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DLP rainbow effects...

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Anonymous
September 16, 2005 9:10:52 AM

Archived from groups: alt.tv.tech.hdtv (More info?)

I am considering purchasing this technology. However, the so-called pinwheel
rainbow effect concerns me. I noticed that Samsung (website) now boasts of
newer and faster pinwheels, seemingly eliminating this anomaly. Nonetheless,
I prefer Mitsubishi given their reliability track record.

Anyone own a recent generation DLP notice the rainbow effect and with what
programming?

Thanks,
Stu

More about : dlp rainbow effects

Anonymous
September 16, 2005 2:46:55 PM

Archived from groups: alt.tv.tech.hdtv (More info?)

saxmaniac wrote:
> I am considering purchasing this technology. However, the so-called pinwheel
> rainbow effect concerns me. I noticed that Samsung (website) now boasts of
> newer and faster pinwheels, seemingly eliminating this anomaly. Nonetheless,
> I prefer Mitsubishi given their reliability track record.
>
> Anyone own a recent generation DLP notice the rainbow effect and with what
> programming?

My Samsung DLP is the older technology, and I've never seen a rainbow in
nearly two years of viewing.
Anonymous
September 16, 2005 3:23:07 PM

Archived from groups: alt.tv.tech.hdtv (More info?)

I recently (4 weeks) purchased a Samsung 61" DLP. I have HD OTA and
cable. I watch sports in HD when I can, the occasional movie and also
use it as a computer monitor. While watching live sports, on
occasion, I do notice a slight "blurring" effect on occasion around
some subjects. It only occurs intermittently on certain shots. I'm
not sure this is the rainbow effect spoken of, but it is extremely
minor and in no way detracts from my satisfaction with the set.
Related resources
Anonymous
September 16, 2005 4:16:09 PM

Archived from groups: alt.tv.tech.hdtv (More info?)

saxmaniac wrote:
> I am considering purchasing this technology. However, the so-called pinwheel
> rainbow effect concerns me. I noticed that Samsung (website) now boasts of
> newer and faster pinwheels, seemingly eliminating this anomaly. Nonetheless,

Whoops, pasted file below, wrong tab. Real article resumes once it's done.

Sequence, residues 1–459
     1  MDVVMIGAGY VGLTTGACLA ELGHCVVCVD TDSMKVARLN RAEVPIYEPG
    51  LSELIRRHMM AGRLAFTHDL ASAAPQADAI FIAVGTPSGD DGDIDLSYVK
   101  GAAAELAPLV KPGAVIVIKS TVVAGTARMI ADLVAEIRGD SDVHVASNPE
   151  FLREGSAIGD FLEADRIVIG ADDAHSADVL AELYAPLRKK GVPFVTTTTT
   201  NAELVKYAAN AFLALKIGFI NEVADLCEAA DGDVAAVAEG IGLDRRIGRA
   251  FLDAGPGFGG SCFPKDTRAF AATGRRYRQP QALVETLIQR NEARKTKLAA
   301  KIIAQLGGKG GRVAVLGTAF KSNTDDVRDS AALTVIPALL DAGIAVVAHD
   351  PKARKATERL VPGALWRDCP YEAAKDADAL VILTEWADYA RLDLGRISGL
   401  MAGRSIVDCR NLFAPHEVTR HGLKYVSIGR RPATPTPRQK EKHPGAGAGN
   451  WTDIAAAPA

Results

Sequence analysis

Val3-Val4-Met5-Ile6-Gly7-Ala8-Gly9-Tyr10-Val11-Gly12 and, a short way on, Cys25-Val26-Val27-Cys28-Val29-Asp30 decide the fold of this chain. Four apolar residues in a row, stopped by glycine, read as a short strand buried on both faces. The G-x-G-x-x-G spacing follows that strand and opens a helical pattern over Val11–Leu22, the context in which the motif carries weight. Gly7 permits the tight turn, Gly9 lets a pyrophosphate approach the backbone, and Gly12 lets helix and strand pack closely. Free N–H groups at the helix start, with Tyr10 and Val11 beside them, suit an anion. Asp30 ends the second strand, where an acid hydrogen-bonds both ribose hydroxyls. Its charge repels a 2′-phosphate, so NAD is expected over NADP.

> I prefer Mitsubishi given their reliability track record.
>
> Anyone own a recent generation DLP notice the rainbow effect and with what
> programming?
>
> Thanks,
> Stu
Have you considered a JVC HD ILA set?
Anonymous
September 16, 2005 4:34:34 PM

Archived from groups: alt.tv.tech.hdtv (More info?)

I recently (4 weeks) purchased a Samsung 61" DLP. I have HD OTA and
cable. I watch sports in HD when I can, the occasional movie and also
use it as a computer monitor. While watching live sports, on
occasion, I do notice a slight "blurring" effect on occasion around
some subjects. It only occurs intermittently on certain shots. I'm
not sure this is the rainbow effect spoken of, but it is extremely
minor and in no way detracts from my satisfaction with the set.
Anonymous
September 16, 2005 6:17:37 PM

Archived from groups: alt.tv.tech.hdtv (More info?)

saxmaniac wrote:
>
> I am considering purchasing this technology. However, the so-called pinwheel
> rainbow effect concerns me. I noticed that Samsung (website) now boasts of
> newer and faster pinwheels, seemingly eliminating this anomaly. Nonetheless,
> I prefer Mitsubishi given their reliability track record.
>
> Anyone own a recent generation DLP notice the rainbow effect and with what
> programming?
>
> Thanks,
> Stu
I have a Samsumg DLP5063W and watch a lot of TV (over the air, satellite
and DVD). I have never seen the rainbow effect. If you do not see it
when you view a TV at the store, then you probably will not be bothered
by it either.
Anonymous
September 16, 2005 7:19:34 PM

Archived from groups: alt.tv.tech.hdtv (More info?)

It also seems genetic...the ability to see DLP rainbows.

I watched a ton of DLP sets in stores...and never saw one.

However, I didn't buy one because I always had a fear that 6 months down the
road, after I had already bought one, they would appear.


"saxmaniac" <saxmaniac@cox.net> wrote in message
news:D CyWe.80003$DW1.73579@fed1read06...
>I am considering purchasing this technology. However, the so-called